Gender stereotypes have got to go


Cohl Woolbright (’17) shows off his makeup skills (peep that highlight).

Haley McCoy, Editorials Editor

      Girls wear dresses and play with dolls. Boys wear t-shirts and play with trucks. Girls love the color pink and wear lip gloss like religion. Boys don shades of blue and own grass stains like works of art. Boys will be boys, but don’t ever throw like a girl. Girls should dress to impress boys, but don’t you dare raise your voice.

      Have you noticed a pattern yet?

      When a girl has an opinion, when she dares to speak up, she is told she has no self-respect. When a boy has an opinion and speaks his mind, he is a leader in the making. But then the question is posed: why? Why is it that boys can’t be weak at the risk of being called a girl but girls are expected to be weak at the risk of making boys feel threatened? Why can’t a girl raise her voice and command attention without being ridiculed for doing so? Why can’t a boy take a step back and watch from the sidelines without being critiqued for not taking charge?

      Practically from birth, girls are bathed in pink, given dresses and bows and makeup and told that pretty is the one thing they should aspire to be. There is nothing inherently wrong with makeup and dresses, but the issue arises when boys are taught the exact opposite. Boys are raised around the color blue. Sports and cars and a boisterous attitude are prized, as is a loud voice that doesn’t allow room for argument. There is nothing wrong with these things either, but then why are boys and girls so separated?

      Girls can play sports and – spoiler alert – excel at them. Boys can wear makeup and look like a professional advertisement for contour. Girls can wear blue sweatpants and boys can wear pink dresses. There are no rules that prohibit these things, but society has taught us that genders have limits, stereotypes, and we must abide by those standards. Even when those standards are sexist and antiquated, society as a whole follows these unwritten rules like they’re written in a holy text. The media calls out a boy for wearing nail polish and eyeliner and girl for not wearing either of the aforementioned products. We’re quick to critique something that seems different but do we ever stop to ask why?

      According to the Women’s Sports Foundation, girls drop out of sports at age 14 at twice the rate boys do. They have 1.3 million fewer opportunities to continue with sports compared to their male counterparts. This is an issue of nurture. Girls are taught that sports are not feminine because they are gritty and dirty and harsh. Girls are not supposed to be harsh. Boys are taught that sports make a man. Men are happy to grind it out on the football field and spend hours sweating in the weight room. But that is not something for girls to do, society has taught us. A girl who plays sports and decides dresses aren’t the best thing in the world is called a ‘tomboy.’ Because by participating in something not geared towards girls, therefore they are no longer girls, and they must be linked to boys to make the act of playing in a basketball game more acceptable. Similarly, boys who don’t enjoy sports or who do poorly at sports are told that they run ‘like a girl’ or throw ‘like a girl.’ What’s wrong with throwing like a girl? There are softball pitchers who could knock your teeth in with a well-aimed pitch, and then we’ll see if you make fun of throwing ‘like a girl’ again.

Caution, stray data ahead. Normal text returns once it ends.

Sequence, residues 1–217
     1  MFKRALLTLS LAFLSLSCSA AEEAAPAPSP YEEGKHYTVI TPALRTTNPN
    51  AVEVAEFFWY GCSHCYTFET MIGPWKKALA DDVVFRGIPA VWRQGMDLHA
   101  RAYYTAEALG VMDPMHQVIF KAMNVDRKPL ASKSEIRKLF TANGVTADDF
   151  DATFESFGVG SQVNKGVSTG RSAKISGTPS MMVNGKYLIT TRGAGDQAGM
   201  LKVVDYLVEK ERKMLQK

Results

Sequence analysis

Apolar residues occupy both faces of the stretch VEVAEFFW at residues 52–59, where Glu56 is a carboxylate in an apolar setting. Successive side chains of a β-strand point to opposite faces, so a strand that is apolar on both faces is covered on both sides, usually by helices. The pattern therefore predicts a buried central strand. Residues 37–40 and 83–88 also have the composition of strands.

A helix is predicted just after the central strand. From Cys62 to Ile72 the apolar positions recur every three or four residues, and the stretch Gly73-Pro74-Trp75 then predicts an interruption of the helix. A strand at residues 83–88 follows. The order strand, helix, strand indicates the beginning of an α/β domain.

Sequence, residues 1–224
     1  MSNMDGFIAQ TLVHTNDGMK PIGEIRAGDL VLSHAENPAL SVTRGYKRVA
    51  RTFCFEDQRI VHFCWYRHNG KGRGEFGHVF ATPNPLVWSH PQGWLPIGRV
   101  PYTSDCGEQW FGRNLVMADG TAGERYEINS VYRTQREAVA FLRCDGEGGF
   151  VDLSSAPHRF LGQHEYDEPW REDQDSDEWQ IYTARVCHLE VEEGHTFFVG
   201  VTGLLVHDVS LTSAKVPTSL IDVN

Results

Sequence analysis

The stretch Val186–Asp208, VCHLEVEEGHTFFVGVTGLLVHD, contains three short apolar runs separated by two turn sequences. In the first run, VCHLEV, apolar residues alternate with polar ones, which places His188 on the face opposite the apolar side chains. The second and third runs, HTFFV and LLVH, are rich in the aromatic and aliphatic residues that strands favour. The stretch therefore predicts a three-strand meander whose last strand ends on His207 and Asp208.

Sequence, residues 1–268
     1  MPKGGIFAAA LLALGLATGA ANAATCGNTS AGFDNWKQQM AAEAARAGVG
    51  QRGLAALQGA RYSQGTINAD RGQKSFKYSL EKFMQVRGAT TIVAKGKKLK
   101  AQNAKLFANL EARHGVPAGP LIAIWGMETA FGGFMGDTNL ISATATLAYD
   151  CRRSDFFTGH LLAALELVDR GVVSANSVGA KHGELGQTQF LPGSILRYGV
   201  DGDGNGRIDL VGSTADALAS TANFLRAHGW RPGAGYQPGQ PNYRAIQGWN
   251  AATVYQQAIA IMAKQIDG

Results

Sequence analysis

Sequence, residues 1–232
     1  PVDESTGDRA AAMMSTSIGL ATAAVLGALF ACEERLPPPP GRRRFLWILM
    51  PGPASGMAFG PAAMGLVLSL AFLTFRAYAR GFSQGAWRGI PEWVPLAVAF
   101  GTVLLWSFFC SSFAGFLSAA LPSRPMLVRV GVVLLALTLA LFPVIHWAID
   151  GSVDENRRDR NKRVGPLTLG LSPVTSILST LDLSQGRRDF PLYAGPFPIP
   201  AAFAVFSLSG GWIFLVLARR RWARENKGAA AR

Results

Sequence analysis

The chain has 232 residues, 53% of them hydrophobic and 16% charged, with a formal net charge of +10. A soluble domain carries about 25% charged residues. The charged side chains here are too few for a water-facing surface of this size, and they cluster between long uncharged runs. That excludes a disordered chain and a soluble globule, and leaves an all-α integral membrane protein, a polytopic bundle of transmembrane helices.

A new student to the school, Cohl Woolbright (‘17), has encountered obstacles when he has stepped outside societal expectations. People express their own opinions because society has set standards and gender roles which are completely irrelevant. Woolbright stands by the notion that there are seven billion people in the world, so expecting them all to conform to the same expectations and having no diversity is setting the bar very low.

      These preconceived standards of what the genders should be like are instilled in children from birth. It takes someone going outside their comfort zone and educating themselves to break these molds, and they are often judged for doing so. But when you mention letting the lines between genders blur, there is always opposition. What is so hard to understand goes back to that one pivotal question: why?

Woolbright shows that makeup isn’t confined to any one gender.

      What’s wrong with being a girl? What’s wrong with dresses and makeup? What’s wrong with being a boy? What’s wrong with sports and video games? The answer is nothing. Therefore, what’s wrong with letting a boy wear makeup and a girl play football? Absolutely nothing. The restrictions on boys and girls are fictional, nonsensical, and imaginary. The only real way to counteract this is to teach children that they can wear what they want, act how they want, and be whoever they want to be without any limitations. It starts at the very beginning.

      Raise boys and girls the same way.